David Eagleman is a neuroscientist and a New York Times bestselling author. He heads the Center for Science and Law, a national non-profit institute, and serves as an adjunct professor at Stanford University. He is best known for his work on sensory substitution, time perception, brain plasticity, synesthesia, and neurolaw.
Beyond his 100+ academic publications, he has published many popular books. His bestselling book Incognito: The Secret Lives of the Brain, explores the neuroscience "under the hood" of the conscious mind: all the aspects of neural function to which we have no awareness or access. His work of fiction, SUM, is an international bestseller published in 28 languages and turned into two operas. Why the Net Matters examines what the advent of the internet means on the timescale of civilizations. The award-winning Wednesday is Indigo Blue explores the neurological condition of synesthesia, in which the senses are blended.
Eagleman is a TED speaker, a Guggenheim Fellow, a winner of the McGovern Award for Excellence in Biomedical Communication, a Next Generation Texas Fellow, Vice-Chair on the World Economic Forum's Global Agenda Council on Neuroscience & Behaviour, a research fellow in the Institute for Ethics and Emerging Technologies, Chief Scientific Advisor for the Mind Science Foundation, and a board member of The Long Now Foundation. He has served as an academic editor for several scientific journals. He was named Science Educator of the Year by the Society for Neuroscience, and was featured as one of the Brightest Idea Guys by Italy's Style magazine. He is founder of the company BrainCheck and the cofounder of the company NeoSensory. He was the scientific advisor for the television drama Perception, and has been profiled on the Colbert Report, NOVA Science Now, the New Yorker, CNN's Next List, and many other venues. He appears regularly on radio and television to discuss literature and science.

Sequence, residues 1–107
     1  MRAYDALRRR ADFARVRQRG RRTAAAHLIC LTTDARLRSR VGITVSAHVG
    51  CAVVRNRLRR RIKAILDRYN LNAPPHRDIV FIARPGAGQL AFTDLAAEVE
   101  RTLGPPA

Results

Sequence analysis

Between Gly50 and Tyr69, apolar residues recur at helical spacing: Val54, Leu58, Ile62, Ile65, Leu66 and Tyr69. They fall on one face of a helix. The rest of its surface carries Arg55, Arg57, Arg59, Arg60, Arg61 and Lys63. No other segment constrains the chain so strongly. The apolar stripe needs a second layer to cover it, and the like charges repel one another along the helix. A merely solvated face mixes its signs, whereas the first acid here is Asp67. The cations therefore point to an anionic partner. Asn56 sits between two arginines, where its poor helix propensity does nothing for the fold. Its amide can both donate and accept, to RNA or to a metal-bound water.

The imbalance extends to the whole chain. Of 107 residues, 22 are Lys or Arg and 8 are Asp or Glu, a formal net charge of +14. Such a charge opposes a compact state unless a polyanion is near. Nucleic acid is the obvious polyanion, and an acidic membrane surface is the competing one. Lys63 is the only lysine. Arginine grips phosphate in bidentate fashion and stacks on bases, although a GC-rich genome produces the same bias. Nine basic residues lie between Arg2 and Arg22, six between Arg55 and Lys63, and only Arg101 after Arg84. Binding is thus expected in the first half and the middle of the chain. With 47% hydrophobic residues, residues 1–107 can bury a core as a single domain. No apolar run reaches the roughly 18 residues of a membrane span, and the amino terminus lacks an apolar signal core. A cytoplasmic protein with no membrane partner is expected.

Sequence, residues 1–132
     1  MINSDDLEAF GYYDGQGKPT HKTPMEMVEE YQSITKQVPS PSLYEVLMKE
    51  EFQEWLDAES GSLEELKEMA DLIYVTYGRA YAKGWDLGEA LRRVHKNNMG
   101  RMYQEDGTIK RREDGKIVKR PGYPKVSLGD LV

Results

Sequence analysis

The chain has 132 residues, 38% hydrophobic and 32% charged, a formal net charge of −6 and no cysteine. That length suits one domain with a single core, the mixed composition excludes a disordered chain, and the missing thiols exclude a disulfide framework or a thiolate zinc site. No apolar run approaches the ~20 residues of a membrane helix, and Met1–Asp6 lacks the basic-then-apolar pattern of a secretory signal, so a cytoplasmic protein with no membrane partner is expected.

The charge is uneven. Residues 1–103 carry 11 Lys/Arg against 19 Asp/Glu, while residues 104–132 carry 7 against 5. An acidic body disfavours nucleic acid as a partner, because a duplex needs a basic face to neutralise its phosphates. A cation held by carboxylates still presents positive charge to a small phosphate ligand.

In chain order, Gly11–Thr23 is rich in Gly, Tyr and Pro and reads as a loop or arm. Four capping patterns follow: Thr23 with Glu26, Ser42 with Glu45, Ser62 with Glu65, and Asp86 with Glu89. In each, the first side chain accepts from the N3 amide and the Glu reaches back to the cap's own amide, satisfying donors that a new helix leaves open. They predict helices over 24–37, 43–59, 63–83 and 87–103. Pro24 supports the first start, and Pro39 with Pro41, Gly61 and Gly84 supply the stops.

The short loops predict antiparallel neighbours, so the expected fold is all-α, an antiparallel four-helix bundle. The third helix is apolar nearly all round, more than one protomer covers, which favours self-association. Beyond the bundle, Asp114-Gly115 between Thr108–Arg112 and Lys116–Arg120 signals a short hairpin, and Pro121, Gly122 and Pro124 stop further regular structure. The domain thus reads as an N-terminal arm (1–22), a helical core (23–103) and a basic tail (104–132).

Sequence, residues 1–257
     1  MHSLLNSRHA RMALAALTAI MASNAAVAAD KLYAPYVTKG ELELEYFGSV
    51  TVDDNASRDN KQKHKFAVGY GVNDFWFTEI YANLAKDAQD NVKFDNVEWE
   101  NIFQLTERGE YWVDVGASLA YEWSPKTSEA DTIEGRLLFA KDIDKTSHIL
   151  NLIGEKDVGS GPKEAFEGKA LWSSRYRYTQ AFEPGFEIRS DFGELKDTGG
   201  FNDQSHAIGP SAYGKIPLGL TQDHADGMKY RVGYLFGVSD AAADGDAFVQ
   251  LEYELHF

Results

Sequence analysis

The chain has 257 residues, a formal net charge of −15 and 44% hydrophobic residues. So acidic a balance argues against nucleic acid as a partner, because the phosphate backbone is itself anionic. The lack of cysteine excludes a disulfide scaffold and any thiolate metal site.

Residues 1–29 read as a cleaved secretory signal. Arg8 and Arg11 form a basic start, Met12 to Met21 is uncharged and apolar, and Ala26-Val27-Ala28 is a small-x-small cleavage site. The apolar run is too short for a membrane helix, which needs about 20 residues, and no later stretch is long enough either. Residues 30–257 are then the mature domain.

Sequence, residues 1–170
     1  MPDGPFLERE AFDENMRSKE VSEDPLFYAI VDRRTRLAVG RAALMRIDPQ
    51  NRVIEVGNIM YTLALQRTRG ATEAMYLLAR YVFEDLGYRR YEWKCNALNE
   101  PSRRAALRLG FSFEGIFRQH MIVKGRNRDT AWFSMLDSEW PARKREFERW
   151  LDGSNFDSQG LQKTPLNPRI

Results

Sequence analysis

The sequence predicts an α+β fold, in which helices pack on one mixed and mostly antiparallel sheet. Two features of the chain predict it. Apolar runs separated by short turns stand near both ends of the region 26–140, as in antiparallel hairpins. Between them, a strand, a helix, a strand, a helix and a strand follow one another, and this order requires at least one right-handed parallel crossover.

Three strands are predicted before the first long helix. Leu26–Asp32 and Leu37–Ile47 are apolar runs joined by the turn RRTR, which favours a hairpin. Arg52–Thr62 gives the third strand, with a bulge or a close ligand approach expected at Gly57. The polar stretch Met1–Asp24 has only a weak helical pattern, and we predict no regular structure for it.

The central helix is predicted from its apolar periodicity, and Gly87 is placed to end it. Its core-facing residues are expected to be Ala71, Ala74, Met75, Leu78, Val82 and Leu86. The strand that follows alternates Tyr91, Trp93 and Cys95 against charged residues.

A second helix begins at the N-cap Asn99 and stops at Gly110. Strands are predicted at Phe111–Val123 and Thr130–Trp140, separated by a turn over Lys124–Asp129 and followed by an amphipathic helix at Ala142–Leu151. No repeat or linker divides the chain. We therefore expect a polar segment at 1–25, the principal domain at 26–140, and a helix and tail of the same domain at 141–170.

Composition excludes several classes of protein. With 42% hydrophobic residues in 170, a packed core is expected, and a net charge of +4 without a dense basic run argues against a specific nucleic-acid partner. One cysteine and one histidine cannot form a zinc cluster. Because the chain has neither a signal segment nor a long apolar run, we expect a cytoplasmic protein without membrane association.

New Scientist magazine features David Eagleman's time perception research as their cover story.
David's iPad app "Why the Net Matters, or Six Ways to Avert the Collapse of Civilization" was recently called a "superbook" by the New York Times Magazine. For a taste of the argument, read David's article in WIRED or watch a video of his talk at the Long Now Foundation. Don't have an iPad? The manuscript is now available as an eBook.
Wednesday is Indigo Blue: Discovering the Brain of Synesthesia has been awarded the Montaigne Medal, Eric Hoffer Award for Books.
Want to know how neuroscience will force major changes in our criminal justice system? Read David's article The Brain on Trial in The Atlantic. Now anthologized in 2012 Best American Science and Nature Writing.
Our drive to come together into groups yields a survival advantage — but it has a dark side.
What could explain Anders Breivik's shooting attack in Oslo, Norway? While this was being debated from the angles of politics, religion, and sociology
Really good companies are the ones that are constantly reinventing themselves. I spoke with Charles Duhigg about habit, unconscious process
Watch an experiment in which we studied time perception by dropping volunteer subjects from a 150 foot high tower. Free fall.
Why don't we do what we know we should? Here's a talk I gave at Stanford Medical School telling why, and what to do about it.
I spoke at PopTech on the limits of science, the problems of false dichotomies, and my new movement of possibilianism. See the video.
Hear actress Emily Blunt read the story "The Cast" from Sum.
The author Will Self and I appeared on stage together to discuss life, death, and what makes good writing.
I posted before about my scanning of a 3,000 year old mummy, Neskhons. Now, by analyzing the data in several different ranges of electron density, I'v
I had the honor of being selected as one of Houston Modern Luxury's Men of Style.